Henry said the people of Aitutaki are looking forward to hosting as few as 150 people from around the region.
Some may only fly in for hours we dont know yet.
Secretariat staff did not confirm any arrangements nor did they commit to any venue, but approved of the following sites Motu Akaiami, One Foot Island, Aitutaki Lagoon Resort & Spa, Tamanu Beach Resort and Pacific Resort Aitutaki.
(All) got ticks as suitable for the event, but the decisions on whos going where and when are for our team on Aitutaki to confirm, Henry said.
Hunter was clear that dates and details are yet to be confirmed.
But were starting the scoping exercise now because the earlier we start the earlier we can tie it up, he said.
What is development assistance?
The Cook Islands is today hosting a major roundtable meeting with its developmental partners today to discuss the future of the countrys development and reflect on projects completed in recent years.
Officials from the government gather with representatives from foreign governments, donor programmes and multi-national organisations, to attempt to bring more development assistance to the Cook Islands.
The Office of the Prime Minister has offered a cheat sheet for those wanting to know more about development assistance and what is means for the people of the Cook Islands.
What is development assistance?
Development assistance is a term now used instead of aid or donor funding.
Simply put, development assistance involves working with our development partners on an equal footing to help meet the needs and priorities identified by Cook Islanders, which builds on our existing leadership, resources and strengths.
These national priorities are set out in the National Sustainable Development Plan (NSDP) 2011-2015 which was recently confirmed by government after significant community consultation.
Development assistance can be provided in three ways as a grant, a loan, or as technical assistance where skills or materials are provided to the Cook Islands.
How does development assistance work?
In the past, funding had often been targeted at short term projects mainly controlled by the donor and not always aligned to national priorities.
These initiatives sometimes failed to recognise that local people knew best what they needed and had potential skills and knowledge to contribute what we might describe as an outside looking-in approach.
Today, the Cook Islands government is striving to build strong relationships with and between its development partners so they are based more on collaboration, mutual benefit and understanding, openness, respect and support, and which recognise and build on the potential and capability that already exists here.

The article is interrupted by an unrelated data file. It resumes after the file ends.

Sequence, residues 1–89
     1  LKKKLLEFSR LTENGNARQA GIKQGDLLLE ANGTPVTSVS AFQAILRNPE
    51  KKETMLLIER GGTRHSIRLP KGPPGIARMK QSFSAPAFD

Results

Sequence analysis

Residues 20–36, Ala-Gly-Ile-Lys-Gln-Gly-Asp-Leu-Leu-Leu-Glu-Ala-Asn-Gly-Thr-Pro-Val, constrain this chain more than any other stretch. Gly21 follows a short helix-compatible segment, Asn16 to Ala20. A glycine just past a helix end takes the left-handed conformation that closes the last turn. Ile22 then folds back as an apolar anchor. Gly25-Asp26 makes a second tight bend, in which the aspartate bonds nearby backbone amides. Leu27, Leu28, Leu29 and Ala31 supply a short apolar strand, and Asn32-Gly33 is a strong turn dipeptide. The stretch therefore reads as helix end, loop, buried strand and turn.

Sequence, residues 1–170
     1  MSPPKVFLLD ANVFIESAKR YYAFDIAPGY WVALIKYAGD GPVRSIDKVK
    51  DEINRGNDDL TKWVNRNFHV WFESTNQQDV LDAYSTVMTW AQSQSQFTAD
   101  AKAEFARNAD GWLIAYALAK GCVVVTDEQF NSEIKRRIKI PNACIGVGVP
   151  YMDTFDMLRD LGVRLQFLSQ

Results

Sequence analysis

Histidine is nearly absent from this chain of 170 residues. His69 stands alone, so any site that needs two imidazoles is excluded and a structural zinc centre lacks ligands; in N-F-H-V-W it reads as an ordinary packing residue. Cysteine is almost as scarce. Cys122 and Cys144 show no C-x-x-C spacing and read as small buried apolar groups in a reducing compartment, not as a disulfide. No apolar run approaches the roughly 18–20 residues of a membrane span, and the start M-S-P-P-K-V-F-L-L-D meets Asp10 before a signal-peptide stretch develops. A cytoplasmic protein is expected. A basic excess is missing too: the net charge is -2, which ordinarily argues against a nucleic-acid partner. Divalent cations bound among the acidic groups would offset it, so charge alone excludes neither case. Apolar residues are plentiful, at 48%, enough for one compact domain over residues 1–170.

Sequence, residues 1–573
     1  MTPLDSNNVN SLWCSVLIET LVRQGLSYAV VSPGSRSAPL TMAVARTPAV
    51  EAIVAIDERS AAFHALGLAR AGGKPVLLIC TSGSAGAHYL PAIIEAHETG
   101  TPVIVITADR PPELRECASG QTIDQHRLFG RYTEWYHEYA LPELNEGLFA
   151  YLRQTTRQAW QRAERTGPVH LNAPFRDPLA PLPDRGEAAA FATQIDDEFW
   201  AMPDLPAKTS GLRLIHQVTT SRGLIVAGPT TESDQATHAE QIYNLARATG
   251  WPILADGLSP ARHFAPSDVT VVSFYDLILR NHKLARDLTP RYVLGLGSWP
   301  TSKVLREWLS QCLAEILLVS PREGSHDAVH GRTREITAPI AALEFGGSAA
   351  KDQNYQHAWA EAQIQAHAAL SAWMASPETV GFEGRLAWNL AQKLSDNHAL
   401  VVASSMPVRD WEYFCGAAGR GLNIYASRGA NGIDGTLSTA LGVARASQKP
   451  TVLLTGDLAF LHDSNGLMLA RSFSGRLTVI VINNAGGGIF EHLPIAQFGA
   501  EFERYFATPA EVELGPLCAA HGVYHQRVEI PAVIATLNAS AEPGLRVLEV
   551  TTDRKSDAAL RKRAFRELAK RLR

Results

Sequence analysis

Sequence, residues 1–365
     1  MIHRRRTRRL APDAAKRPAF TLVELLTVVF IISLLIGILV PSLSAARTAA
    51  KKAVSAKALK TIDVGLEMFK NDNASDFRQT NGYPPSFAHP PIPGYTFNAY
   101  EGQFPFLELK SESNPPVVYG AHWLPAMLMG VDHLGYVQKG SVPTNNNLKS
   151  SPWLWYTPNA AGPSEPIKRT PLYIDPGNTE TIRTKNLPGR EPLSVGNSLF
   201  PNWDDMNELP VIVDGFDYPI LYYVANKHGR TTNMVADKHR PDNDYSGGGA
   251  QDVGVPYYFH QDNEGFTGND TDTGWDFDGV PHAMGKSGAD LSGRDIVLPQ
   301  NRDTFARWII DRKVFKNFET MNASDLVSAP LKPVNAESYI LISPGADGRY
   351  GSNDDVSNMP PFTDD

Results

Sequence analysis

The aim is to make sure that development assistance leads to greater self-reliance by fostering opportunities for local people to provide services and increase skills and experience by participating in all stages of development initiatives.
Who is involved in development assistance in the Cook Islands?
Our development partners are countries like New Zealand, Australia, the European Union (EU) China and UN agencies.
At present we hold bilateral discussions and roundtable meetings with our partners to decide where development assistance might be targeted in the Cook Islands in the short and long term to best achieve our national goals and objectives.
A development partner can also be a national organisation, like a womens group, an environmental group, a government department like the Ministry of Education, or a private interest group like the Tourism Industry Council.
Through wide consultation, the NSDP outlines the countrys key priorities which are designed to benefit all Cook Islanders, both on Rarotonga and in the pa enua.
Recent examples of development assistance include:
Staff and financial support to improve maternal health and community efforts to raise awareness of and reduce non-communicable diseases such as heart disease and diabetes;
In the pa enua, the Aitutaki Recovery Programme saw homes being rebuilt after Cyclone Pat. A project is underway to construct a cyclone shelter in Pukapuka;
Community Centred Development Planning has seen Mauke and Mitiaro create their own Village Sustainable Development plans to address their unique needs and priorities;
Revitalising the Cook Islands pearl industry; increasing electricity generation from renewable energy; and providing support for vocational and trades training for people to gain skills and qualifications as electricians, carpenters and plumbers.
How do we know that development assistance is being used effectively?
The Cook Islands government is keen to ensure development assistance is organised and managed better.
The Ministry of Finance and Economic Management (MFEM) is working to ensure that the countrys finance and reporting systems are more accountable and transparent.
Approaches to development assistance must also serve the diverse needs of the Cook Islands, especially in the pa enua.
How can I have a say or get involved in development assistance?
The government is always keen to hear your views on development assistance and there are a number of ways to have your say for example when there is consultation on the NSDP, and consultation held on the design, impact and resourcing of initiatives.